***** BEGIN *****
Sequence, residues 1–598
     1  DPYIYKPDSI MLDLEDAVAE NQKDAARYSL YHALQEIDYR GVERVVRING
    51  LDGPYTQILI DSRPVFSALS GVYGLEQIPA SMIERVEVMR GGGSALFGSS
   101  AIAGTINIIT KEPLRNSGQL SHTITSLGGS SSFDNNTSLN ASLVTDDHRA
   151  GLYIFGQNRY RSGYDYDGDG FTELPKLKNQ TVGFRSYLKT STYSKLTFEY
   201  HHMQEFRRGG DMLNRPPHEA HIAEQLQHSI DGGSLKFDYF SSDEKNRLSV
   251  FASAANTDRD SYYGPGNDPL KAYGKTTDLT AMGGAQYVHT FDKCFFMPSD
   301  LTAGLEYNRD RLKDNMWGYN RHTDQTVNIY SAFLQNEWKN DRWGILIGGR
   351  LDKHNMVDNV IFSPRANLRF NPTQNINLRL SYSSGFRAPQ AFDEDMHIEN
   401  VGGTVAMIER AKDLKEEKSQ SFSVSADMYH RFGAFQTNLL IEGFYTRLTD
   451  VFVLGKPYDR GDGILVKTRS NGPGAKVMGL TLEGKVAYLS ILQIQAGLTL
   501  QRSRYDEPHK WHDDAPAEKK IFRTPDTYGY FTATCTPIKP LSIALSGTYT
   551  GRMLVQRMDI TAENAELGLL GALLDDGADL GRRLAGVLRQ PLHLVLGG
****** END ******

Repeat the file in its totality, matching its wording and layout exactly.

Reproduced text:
Sequence, residues 1–598
     1  DPYIYKPDSI MLDLEDAVAE NQKDAARYSL YHALQEIDYR GVERVVRING
    51  LDGPYTQILI DSRPVFSALS GVYGLEQIPA SMIERVEVMR GGGSALFGSS
   101  AIAGTINIIT KEPLRNSGQL SHTITSLGGS SSFDNNTSLN ASLVTDDHRA
   151  GLYIFGQNRY RSGYDYDGDG FTELPKLKNQ TVGFRSYLKT STYSKLTFEY
   201  HHMQEFRRGG DMLNRPPHEA HIAEQLQHSI DGGSLKFDYF SSDEKNRLSV
   251  FASAANTDRD SYYGPGNDPL KAYGKTTDLT AMGGAQYVHT FDKCFFMPSD
   301  LTAGLEYNRD RLKDNMWGYN RHTDQTVNIY SAFLQNEWKN DRWGILIGGR
   351  LDKHNMVDNV IFSPRANLRF NPTQNINLRL SYSSGFRAPQ AFDEDMHIEN
   401  VGGTVAMIER AKDLKEEKSQ SFSVSADMYH RFGAFQTNLL IEGFYTRLTD
   451  VFVLGKPYDR GDGILVKTRS NGPGAKVMGL TLEGKVAYLS ILQIQAGLTL
   501  QRSRYDEPHK WHDDAPAEKK IFRTPDTYGY FTATCTPIKP LSIALSGTYT
   551  GRMLVQRMDI TAENAELGLL GALLDDGADL GRRLAGVLRQ PLHLVLGG